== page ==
Top Chemistry Schools in Alabama

By | April 29, 2018

If you are going to pursue a graduate degree in chemistry within the state of Alabama, then you have come to the right place. On this website, you will find the 3 best chemistry schools in Alabama. Please note that these rankings are based on student reviews, graduation rates, and the academic surveys submitted by peer colleges and universities throughout Alabama.

  • TRANSPORTHINT: Basic information, such as location, land area, population, capital and nickname of Alabama. Also includes industry, economy, climate, geography and history of Alabama.

Top Chemistry Schools in Alabama

Ranking Graduate Chemistry
1 University of Alabama
Department of Chemistry

Address: Box 870336, Tuscaloosa, AL 35487-0336
Phone: (205) 348-5954
E-mail: [email protected]
2 Auburn University
Department of Chemistry and Biochemistry

Address: 179 Chemistry Building, Auburn University, AL 36849-5312
Phone: (334) 844-4043
3 University of Alabama–Birmingham
Department of Chemistry

Address: CHEM 201, Birmingham, AL 35294-1240
Phone: (205) 934-8139
E-mail: [email protected]

Best Chemistry Colleges in Alabama

History of Alabama

After the end of the war for independence of the United States of America, Great Britain transferred the rights to the lands of Alabama simultaneously to the United States and Spain, which subsequently caused territorial disputes.

Only in 1812 did the United States of America establish control over the entire territory of the modern state of Alabama. The lands of Alabama were then part of the Mississippi Territory .

At the beginning of the 19th century, a series of clashes between Indians and American settlers took place on the territory of Alabama. The situation became even more aggravated during the Anglo-American War of 1812-15. The Indians of Alabama were divided, some of them took the side of the United States, and some joined the coalition of the Plkemen supporting England, organized by the famous leader Tecumseh.

In 1813, the Creek War began, known as the War of the Red Wands. The most famous and terrible episode of this war was the massacre at Fort Mims. On August 30, 1813, the Indians of the militant faction “Red Wands” of the Creek tribe attacked American settlers and friendly Indians who had taken refuge in Fort Mims. About 500 people died in the attack. It was after this incident that the US Army was drawn into the war.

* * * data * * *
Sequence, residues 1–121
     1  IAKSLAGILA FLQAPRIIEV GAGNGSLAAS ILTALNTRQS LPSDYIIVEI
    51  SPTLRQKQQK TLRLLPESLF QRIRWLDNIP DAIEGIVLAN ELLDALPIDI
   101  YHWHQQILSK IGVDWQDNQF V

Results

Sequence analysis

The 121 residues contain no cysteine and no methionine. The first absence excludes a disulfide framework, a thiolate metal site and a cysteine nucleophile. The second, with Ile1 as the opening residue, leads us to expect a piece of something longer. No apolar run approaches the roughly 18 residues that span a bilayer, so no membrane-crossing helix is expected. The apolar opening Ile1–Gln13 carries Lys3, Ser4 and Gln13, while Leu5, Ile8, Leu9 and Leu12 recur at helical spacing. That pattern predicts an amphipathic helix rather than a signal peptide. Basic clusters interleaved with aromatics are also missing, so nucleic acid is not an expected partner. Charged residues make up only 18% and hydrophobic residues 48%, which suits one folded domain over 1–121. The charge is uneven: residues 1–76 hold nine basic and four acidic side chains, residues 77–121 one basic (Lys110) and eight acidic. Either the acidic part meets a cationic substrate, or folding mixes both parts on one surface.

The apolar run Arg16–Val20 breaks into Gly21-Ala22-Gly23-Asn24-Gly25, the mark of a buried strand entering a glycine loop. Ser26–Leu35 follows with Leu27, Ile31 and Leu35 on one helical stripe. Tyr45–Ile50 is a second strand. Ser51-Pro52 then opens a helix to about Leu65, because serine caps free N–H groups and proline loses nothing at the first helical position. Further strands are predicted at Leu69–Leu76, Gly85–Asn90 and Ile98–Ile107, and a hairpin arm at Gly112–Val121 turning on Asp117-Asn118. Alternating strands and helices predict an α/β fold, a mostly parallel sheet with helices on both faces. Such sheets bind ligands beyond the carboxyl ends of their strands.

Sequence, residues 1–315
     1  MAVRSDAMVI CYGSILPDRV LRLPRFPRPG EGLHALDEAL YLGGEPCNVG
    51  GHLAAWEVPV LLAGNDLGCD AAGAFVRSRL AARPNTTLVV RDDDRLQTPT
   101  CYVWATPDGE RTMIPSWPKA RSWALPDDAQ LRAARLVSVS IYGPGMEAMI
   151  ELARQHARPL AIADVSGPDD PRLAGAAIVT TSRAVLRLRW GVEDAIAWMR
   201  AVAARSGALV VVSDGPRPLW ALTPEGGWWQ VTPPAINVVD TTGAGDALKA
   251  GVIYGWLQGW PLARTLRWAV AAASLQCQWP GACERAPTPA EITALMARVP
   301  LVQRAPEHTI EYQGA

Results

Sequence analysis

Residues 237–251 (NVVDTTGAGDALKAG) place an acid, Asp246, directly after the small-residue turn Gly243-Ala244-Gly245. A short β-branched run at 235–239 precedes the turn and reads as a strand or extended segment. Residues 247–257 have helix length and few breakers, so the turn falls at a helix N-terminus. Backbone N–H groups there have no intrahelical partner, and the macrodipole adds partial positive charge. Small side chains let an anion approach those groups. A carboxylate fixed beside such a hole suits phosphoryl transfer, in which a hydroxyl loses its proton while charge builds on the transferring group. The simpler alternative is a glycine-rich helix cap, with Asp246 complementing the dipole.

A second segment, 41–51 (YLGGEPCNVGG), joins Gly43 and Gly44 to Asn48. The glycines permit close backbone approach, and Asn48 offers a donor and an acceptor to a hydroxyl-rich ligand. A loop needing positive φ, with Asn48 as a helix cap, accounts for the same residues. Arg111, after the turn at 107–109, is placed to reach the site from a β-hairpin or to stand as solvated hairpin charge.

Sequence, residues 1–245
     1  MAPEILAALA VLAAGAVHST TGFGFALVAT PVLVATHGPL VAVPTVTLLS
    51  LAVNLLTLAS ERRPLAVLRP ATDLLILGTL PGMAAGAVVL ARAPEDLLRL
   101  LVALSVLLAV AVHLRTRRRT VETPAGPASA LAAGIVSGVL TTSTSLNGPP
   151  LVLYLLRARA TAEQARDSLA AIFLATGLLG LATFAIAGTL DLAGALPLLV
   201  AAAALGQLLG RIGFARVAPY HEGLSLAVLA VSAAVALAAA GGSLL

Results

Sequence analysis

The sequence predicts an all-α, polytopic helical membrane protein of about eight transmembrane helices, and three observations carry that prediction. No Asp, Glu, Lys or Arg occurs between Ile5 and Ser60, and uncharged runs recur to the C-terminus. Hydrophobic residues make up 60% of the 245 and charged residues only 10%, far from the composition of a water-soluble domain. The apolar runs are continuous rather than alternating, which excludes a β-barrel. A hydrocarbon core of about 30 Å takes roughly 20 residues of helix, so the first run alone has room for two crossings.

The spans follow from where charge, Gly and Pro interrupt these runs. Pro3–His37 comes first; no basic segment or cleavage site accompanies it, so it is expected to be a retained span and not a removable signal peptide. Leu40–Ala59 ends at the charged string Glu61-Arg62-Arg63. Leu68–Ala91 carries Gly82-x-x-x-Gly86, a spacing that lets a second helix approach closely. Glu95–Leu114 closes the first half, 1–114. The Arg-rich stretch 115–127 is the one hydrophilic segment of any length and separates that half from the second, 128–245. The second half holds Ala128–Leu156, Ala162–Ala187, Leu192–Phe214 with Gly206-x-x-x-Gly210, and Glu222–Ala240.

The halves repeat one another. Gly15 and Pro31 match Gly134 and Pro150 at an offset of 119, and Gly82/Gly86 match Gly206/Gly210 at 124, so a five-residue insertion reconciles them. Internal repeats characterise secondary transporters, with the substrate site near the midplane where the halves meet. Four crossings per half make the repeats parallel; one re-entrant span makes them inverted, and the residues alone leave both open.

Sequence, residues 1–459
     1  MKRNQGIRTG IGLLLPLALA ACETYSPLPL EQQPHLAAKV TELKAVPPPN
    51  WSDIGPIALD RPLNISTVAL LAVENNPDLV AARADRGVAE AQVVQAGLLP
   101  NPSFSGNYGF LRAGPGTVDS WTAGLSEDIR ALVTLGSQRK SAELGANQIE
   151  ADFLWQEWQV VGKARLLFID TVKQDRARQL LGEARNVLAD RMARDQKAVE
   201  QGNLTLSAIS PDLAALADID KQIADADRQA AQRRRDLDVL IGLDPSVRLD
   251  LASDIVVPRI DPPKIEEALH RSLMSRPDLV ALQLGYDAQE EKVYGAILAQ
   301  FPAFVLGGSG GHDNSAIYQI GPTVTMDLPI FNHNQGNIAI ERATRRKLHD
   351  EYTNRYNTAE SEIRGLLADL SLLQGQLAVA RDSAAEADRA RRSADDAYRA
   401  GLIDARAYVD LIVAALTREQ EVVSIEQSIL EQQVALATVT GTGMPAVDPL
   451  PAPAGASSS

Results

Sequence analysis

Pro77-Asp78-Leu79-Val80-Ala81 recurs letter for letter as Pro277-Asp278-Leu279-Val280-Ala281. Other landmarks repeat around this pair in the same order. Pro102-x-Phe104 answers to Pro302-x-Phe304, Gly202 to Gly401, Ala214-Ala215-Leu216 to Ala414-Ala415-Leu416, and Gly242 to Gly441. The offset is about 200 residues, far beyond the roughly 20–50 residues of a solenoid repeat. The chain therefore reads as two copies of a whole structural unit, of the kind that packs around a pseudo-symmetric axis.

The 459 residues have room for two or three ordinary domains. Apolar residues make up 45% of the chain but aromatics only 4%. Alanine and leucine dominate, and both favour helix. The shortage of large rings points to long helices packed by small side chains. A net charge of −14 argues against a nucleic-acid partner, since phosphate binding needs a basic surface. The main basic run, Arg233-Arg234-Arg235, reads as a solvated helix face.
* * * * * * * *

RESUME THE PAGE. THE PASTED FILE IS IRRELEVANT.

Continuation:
The “War of the Red Wands” ended in 1814. Under the terms of the peace treaty (“Treaty of Fort Jackson”), signed by the leaders of the Indians and the future seventh President of the United States, Andrew Jackson, who commanded American troops, most of the Indian lands became the property of the US government.

In 1817, the Territory of Alabama was created by the U.S. Congress, and on December 14, 1819, Alabama became the twenty-second state of the United States.

The fertile lands of the new state attracted immigrants, the population of Alabama grew rapidly. Because of the very fertile dark lands, Alabama, like some other southern states, has been called the “black belt” of the United States. Later, this name changed its meaning, implying the predominance of people of the black race among the population.

The economy of Alabama developed rapidly, but was entirely based on the use of slave labor on cotton plantations. In 1860, slaves made up 45% of the state’s total population.

On January 11, 1861, Alabama seceded from the United States and joined the Confederate States of America. The capital of Alabama, the city of Montgomery, was the first capital of the Confederacy.